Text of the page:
This project includes providing a new expanded VRE Crystal City Station that can serve full-length VRE trains on two tracks and removal of the existing station. The new station will have two pedestrian grade-separated access points to Crystal Drive, one at the south end of Crystal City Water Park and the other through the Crystal Park office complex. The station location will enhance connectivity to the local and regional transportation network including more convenient and safer access to the Crystal City Underground, bicycle/bikeshare infrastructure, the proposed second entrance to Crystal City Metro station, the Crystal City-Potomac Yard transitway, kiss-and-ride area, and the proposed walkway to National Airport including the Metro station. Necessary track relocations in the station area will be undertaken to accommodate the new platform. This project will be coordinated with the Commonwealth of Virginia’s fourth track project between Alexandria and the Potomac River, and the pedestrian connection from Crystal City to National Airport (CC2DCA) project. This application is for funding the completion of construction of the VRE station improvements and trackwork. This project will: Enhance station capacity and convenience for passengers; Expand railroad capacity, operational flexibility, and resilience; Improve reliability and on-time performance; Reduce highway congestion; and Reduce transportation-related air pollution.

W&OD Trail Enhancements in Arlington, which would widen a busy, two-mile stretch of the W&OD Trail in Arlington. The plan has been criticized by a group of tree and environmental advocates worried about tree removal and stormwater runoff.

The project is only set to receive $650,000 of the requested $5.6 million, which would have covered the entire cost.

The project is to replace the existing 12-foot wide shared-use trail with a 12-foot wide bicycle trail and an 8-foot wide pedestrian trail separated by a 2-foot wide median. Where the W&OD Trail parallels I-66, the trail will be widened to a 16-foot shared-use trail due to site constraints. Two narrow bridges over Four Mile Run will be replaced with wider bridges. The project extends 2 miles in Arlington County, from N. Roosevelt St. to N. Carlin Springs Rd. and is the first phase of efforts to improve inadequate levels of service along congested portions of the W&OD in Arlington. This project will increase usage of the W&OD and enhance access to commercial and employment destinations. The project will provide greater capacity and encourage bicyclists and pedestrians who may avoid the trail due to overcrowding. The project is a continuation of NOVA Parks’ and the City of Falls Church’s dual trail project to the west. The project will significantly enhance first and last mile access to the East Falls Church Metrorail Station (.13 mile from the project area) and for commuters continuing into Arlington, Alexandria, and D.C. The W&OD in the project area provides access to N. Sycamore Street, Wilson Boulevard, and N. Carlin Springs Road, each with sidewalk connections and direct access to commuter routes. The W&OD connects to the Custis Trail and Bluemont Junction Trail in the project area, offering an opportunity to enhance the connections to these major commuter routes into the Ballston, Virginia Square, Clarendon, Court House, and Rosslyn Activity Centers and D.C. Moreover, the project enhances the commuter route to Columbia Pike and Alexandria. The project also enhances direct bicycle and pedestrian access to Benjamin Banneker, Bon Air, Bluemont and Glencarlyn parks. The 45-mile long W&OD traverses the counties of Arlington, Fairfax, and Loudoun, the City of Falls Church, and the towns of Vienna, Herndon, and Leesburg. The straight and flat paved trail, which follows the gentle grade of the former railroad bed, provides a major bicycle commuter route for Northern Virginia. The trail connects to numerous pedestrian and bicycle facilities to form an extensive non-motorized network throughout Northern Virginia, connecting residential neighborhoods, employment centers, and commercial districts. The popularity of the trail and the wide range of trail users’ abilities present critical challenges related to maintaining capacity and public safety.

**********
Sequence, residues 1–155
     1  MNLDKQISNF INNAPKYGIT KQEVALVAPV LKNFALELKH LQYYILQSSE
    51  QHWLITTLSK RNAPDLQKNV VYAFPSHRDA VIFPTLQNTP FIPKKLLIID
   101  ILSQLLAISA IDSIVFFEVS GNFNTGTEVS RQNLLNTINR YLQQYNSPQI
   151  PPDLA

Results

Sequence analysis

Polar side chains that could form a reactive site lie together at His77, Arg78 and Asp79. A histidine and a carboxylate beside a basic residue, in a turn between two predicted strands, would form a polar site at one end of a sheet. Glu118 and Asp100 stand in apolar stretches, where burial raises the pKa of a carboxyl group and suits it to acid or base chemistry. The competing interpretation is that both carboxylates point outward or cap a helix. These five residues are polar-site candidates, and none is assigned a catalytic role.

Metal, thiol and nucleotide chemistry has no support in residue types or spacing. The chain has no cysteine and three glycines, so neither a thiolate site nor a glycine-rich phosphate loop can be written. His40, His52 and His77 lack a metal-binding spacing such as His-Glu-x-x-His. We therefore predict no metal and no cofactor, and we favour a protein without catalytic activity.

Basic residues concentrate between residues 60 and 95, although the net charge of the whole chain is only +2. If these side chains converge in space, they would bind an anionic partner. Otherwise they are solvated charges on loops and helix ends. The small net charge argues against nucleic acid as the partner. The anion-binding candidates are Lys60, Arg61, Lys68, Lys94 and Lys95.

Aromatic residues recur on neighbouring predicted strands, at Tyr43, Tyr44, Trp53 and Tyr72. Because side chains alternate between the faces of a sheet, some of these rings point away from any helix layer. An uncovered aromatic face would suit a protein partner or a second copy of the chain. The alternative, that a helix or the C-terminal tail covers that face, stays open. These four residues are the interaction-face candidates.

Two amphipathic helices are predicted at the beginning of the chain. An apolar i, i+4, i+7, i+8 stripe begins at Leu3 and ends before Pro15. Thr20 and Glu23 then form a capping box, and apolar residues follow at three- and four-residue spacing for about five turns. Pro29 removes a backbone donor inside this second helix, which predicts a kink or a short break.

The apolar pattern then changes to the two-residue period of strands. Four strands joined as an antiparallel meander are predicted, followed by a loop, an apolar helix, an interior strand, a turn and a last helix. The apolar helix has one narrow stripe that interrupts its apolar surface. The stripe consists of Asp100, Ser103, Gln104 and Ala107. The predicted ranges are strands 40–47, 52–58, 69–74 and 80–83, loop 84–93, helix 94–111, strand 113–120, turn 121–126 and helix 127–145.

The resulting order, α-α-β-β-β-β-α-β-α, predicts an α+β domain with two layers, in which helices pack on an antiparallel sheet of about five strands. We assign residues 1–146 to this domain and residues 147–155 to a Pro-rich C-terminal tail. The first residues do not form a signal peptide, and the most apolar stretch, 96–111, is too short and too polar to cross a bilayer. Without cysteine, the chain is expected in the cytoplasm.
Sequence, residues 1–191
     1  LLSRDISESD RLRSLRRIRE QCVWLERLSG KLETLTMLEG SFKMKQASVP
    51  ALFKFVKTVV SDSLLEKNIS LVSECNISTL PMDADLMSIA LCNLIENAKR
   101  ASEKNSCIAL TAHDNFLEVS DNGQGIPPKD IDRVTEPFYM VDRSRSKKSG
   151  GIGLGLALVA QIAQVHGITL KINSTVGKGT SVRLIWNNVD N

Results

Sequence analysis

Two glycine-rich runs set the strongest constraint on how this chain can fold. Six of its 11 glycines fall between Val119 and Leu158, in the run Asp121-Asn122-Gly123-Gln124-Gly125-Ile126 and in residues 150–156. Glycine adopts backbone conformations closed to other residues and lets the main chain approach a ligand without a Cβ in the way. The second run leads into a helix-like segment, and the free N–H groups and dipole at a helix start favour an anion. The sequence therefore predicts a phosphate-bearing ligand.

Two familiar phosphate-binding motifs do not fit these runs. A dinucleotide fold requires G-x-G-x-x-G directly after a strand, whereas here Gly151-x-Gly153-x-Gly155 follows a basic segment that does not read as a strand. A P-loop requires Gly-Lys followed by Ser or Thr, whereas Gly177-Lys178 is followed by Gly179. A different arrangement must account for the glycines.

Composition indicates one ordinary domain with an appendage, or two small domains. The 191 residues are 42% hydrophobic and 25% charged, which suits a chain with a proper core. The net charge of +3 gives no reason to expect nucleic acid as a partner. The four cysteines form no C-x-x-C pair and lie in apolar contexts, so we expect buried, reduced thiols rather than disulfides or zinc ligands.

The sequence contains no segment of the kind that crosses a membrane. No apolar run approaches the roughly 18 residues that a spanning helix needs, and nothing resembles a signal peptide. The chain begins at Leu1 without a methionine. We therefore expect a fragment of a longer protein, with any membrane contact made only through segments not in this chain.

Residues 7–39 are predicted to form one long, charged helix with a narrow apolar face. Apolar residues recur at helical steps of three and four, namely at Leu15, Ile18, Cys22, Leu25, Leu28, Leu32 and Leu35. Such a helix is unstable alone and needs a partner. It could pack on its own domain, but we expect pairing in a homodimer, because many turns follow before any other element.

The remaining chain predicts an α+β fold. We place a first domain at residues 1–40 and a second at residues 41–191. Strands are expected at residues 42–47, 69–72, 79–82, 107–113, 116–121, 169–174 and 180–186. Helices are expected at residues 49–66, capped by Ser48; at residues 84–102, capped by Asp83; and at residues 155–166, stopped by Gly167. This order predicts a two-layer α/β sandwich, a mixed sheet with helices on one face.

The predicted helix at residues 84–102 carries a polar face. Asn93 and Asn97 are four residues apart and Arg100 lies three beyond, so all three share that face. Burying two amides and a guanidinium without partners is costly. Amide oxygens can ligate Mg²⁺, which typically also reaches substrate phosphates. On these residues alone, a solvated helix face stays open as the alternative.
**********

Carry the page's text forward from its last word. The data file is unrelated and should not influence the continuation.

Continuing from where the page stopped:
Two other projects submitted by Arlington County were not approved for regional funding: a new western entrance for the Ballston Metro station, and a new trail that would run along a portion of Arlington National Cemetery.